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Cabinet approval

Eamon Ryan says despite process 'misgivings', Katherine Zappone will make 'excellent' envoy

The Taoiseach would not be drawn today on whether the job was Zappone’s idea.

MINISTER FOR TRANSPORT Eamon Ryan has said that despite “misgivings” with the way former minister Katherine Zappone was appointed as UN special envoy on freedom of opinion and expression, that she will make an “excellent” envoy.

Zappone was appointed to the role on Tuesday without it being publicly advertised, and is is set to earn €13,000-€15,000 before tax, as the salary is on a pro-rata basis.

Minister Ryan told RTÉ’s Morning Ireland today that the job was “a part-time position”, and is “backing up work she’s already doing”

When asked if he was happy with the way Zappone was appointed, he said: “I don’t think anyone was happy, and the Minister for Foreign Affairs himself admitted that in hindsight he would have announced that differently.”

When asked why he approved the appointment at Cabinet on Wednesday if he wasn’t happy with the process, Ryan said: “Because I’ve also experience of Katherine Zappone … it’s near where she has real expertise, where she’s shown over many years to be an absolute leader here.”

When asked whether he voiced concerns about how she was appointed at Cabinet, Ryan said he “can’t” discuss what happens at Cabinet, due to constitutional confidentiality.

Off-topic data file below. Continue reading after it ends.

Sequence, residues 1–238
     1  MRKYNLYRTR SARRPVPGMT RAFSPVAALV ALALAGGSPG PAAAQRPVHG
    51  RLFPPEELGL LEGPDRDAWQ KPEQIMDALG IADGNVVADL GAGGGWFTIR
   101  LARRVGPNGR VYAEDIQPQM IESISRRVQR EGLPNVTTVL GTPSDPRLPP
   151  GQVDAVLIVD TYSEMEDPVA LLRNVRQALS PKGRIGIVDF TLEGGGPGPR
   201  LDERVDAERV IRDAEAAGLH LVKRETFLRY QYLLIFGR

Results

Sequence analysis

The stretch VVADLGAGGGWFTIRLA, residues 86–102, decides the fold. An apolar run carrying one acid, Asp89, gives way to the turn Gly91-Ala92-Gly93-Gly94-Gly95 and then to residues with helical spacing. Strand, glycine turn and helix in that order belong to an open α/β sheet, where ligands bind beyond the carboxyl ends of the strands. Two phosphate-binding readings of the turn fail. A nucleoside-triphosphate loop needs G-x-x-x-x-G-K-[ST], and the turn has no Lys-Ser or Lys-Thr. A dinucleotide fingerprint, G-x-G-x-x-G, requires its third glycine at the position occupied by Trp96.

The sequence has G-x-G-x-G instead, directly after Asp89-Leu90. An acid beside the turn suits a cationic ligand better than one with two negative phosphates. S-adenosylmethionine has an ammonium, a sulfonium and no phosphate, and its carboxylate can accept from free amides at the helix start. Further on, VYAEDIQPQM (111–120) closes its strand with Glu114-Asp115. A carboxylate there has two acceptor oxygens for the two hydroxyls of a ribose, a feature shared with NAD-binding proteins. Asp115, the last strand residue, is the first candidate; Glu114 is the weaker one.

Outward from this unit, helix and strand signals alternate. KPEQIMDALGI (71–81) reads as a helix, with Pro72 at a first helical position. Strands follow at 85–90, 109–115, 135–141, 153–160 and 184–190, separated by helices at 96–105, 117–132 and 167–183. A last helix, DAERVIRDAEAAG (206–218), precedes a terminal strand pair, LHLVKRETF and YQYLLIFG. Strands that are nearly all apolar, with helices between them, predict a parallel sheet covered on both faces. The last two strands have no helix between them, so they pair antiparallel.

Ryan said that he has expressed his misgivings about the process to the Taoiseach and Tánaiste, but added:

What we agreed on, despite those misgivings on process, that actually Katherine Zappone – in the work that has been done here – is a very good candidate, and will be an excellent envoy.

Ministers have been busy defending the appointment of former Minister for Children Katherine Zappone to the position of UN special envoy on freedom of opinion and expression – doing work on behalf of the Irish government for a two-year period.

It’s understood the role involves working 50 or 60 days a year.

Taoiseach Micheál Martin was unaware that Zappone was being put forward for the role, with her name brought to Cabinet at the last minute.

Martin is understood to have raised concerns, not at her appointment, but the procedure and manner it had happened. He ultimately approved the appointment.

Tánaiste Leo Varadkar and Minister for Foreign Affairs Simon Coveney “accepted responsibility” for the “oversight of procedures” that left the Taoiseach in the dark. Martin told reporters yesterday that Coveney rang him to apologise for the oversight and that “procedurally it could have been done better”.

“We move on,” Martin added.

Speaking today at a vaccination centre in Dublin, he would not be drawn on whether the job had been Zappone’s idea in the first place, saying Coveney had made it clear that the appointment was “an emissary in the context of the United Nations”.

“He did say to me that Catherine Zappone had made a contribution to the campaign in terms of getting membership in the Security Council, and he was of the view that her contribution will be valuable in the context of the industry for freedom of expression,” he said. 

Speaking to Newstalk earlier this morning, Martin said “there’s no issue with Katherine Zappone herself: a former senior minister, a person who was a strong advocate in terms of freedom of expression, LGBT issues”.

He said that other more important issues were on the agenda for Cabinet’s meeting this week, with five or six memos brought forward.

“To me there was much bigger fish to fry in that meeting, believe me.”

With reporting from Christina Finn.

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